Dahling leads women’s basketball from bench

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Dahling leads women’s basketball from bench

Photo by Andrew Himmelberg

Photo by Andrew Himmelberg

Photo by Andrew Himmelberg

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Five of Marquette women’s basketball seniors have scored at least 1,000 career points: Allazia Blockton, Natisha Hiedeman, Erika Davenport, Danielle King and Amani Wilborn.

But on Marquette’s bench, there’s another senior whose impact is not quite as visible. Sandra Dahling plays only 4.4 minutes per game, but her leadership role is much bigger for the Golden Eagles.

“Sandra is a coach’s dream. She is a phenomenal leader by example, but also mostly by what she says and how authentic she is,” head coach Carolyn Kieger said. “She has done more for this program than anyone in terms of getting us to this point. Her stats and minutes might not reflect it, but if you’re on the inside of this program, … you know how valuable she is.”

The Stockholm, native said she realized her leadership ability back in high school when she was named the captain of her team Solna Branten. 

“I was a captain even (in) high school, but it wasn’t until I got here that I started working more on my leadership and just (to) try to get better,” Dahling said. “I’ve always been really scared of conflict, and here I’ve had to challenge that and talk to people and tell them, ‘Hey this is not okay.’ I’m still a work in progress.” 

While the coaches discuss strategy at the beginning of the timeout, Dahling addresses the team.

“Every game she’s in the huddle first, and she’s telling them what she sees and holding the team accountable to our goals and mindset of one play at a time,” Kieger said.

Kieger said Dahling’s individual goal before each game always pertains to leadership.

Being a leader doesn’t come without challenges. Dahling said she helps her team tackle adversity by reminding them why they’re playing.

“You just try to get back on them making sure they don’t forget our goals. Even when things are tough, I want them to remember what we want to do long-term,” Dahling said. “I just try to make them work harder and make sure they’re being good people … (and) to make sure we have that really high standard of how we carry ourselves on the court.”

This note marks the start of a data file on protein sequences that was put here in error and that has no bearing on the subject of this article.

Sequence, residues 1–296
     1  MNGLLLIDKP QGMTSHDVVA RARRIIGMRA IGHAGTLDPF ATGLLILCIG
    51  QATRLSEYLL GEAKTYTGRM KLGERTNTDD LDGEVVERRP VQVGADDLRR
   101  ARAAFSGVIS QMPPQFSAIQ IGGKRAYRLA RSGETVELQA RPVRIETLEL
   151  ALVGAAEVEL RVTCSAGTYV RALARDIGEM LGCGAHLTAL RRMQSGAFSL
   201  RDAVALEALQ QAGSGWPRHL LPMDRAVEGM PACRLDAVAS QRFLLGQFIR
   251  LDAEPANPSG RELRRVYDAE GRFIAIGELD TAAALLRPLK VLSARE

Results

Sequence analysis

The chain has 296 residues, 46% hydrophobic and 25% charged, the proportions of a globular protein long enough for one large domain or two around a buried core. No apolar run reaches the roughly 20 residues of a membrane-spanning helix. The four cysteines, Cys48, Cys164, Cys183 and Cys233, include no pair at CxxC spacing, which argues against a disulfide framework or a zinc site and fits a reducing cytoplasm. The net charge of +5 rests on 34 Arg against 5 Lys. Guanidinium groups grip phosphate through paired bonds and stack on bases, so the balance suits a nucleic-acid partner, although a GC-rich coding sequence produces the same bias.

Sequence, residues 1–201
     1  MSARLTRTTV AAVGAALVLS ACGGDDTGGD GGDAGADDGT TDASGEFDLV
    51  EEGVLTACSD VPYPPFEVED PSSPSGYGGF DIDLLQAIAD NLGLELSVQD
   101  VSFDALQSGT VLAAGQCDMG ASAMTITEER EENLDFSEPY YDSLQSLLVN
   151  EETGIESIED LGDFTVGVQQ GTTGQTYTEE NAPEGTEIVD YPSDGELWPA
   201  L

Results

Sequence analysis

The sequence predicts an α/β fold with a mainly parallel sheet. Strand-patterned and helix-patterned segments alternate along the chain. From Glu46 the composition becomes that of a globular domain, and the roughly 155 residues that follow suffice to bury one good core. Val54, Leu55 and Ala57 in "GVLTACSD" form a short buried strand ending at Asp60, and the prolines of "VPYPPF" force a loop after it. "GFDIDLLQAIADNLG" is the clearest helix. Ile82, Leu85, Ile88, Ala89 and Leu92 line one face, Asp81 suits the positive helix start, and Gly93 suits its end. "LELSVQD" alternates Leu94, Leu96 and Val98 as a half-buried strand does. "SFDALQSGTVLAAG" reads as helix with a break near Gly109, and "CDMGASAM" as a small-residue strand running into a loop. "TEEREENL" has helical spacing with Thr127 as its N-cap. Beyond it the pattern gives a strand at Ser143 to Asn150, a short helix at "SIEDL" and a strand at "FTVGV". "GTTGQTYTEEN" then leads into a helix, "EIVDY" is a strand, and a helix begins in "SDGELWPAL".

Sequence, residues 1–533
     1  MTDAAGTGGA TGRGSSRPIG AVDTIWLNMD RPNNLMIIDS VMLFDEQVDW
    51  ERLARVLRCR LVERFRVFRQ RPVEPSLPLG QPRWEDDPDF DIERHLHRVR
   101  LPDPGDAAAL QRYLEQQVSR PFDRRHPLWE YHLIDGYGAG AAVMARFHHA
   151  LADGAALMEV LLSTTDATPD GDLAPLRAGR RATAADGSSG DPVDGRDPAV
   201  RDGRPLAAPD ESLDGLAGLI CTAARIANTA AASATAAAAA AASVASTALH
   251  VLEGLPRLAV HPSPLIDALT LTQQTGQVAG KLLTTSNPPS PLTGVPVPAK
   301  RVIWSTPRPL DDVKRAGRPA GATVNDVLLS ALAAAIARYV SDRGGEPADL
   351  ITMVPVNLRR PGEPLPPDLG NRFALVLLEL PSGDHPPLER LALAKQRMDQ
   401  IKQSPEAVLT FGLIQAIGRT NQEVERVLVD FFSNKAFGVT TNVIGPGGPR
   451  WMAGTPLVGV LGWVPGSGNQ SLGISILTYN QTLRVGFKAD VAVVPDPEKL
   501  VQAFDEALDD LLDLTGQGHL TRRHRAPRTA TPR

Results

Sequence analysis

Dahling said the most difficult part of carrying the leadership role is being upfront with her teammates. 

“The hardest part can be when you have to tell someone what to do if they are acting out or something. They’re also your friend, and you don’t want to ruin your friendship,” Dahling said. “But the best part is feeling that what you’ve done has contributed to the success of the team.” 

Last April, Dahling received Marquette’s Blue and Gold Status Award. This honor recognizes student-athletes who make efforts to help the community. She has volunteered at the Wisconsin Humane Society where she walked, played and socialized with dogs once a week.

Along with Blockton, Dahling represents the women’s basketball team on the athletic department’s student-athlete advisory committee.

Dahling said some of her biggest influences growing up were her coaches and the Women’s National Basketball Association Seattle Storm’s Sue Bird. 

“I think (Bird) is really fun to watch, and she seems like a great leader both on and off the court,” Dahling said. 

Kieger said she talks to Dahling about is holding people accountable when things go wrong or when a player is struggling, and making sure she is aware of her external self and her surroundings.

“Everyone on this team and staff really respects her,” Kieger said. “When she tells you something, you listen.”

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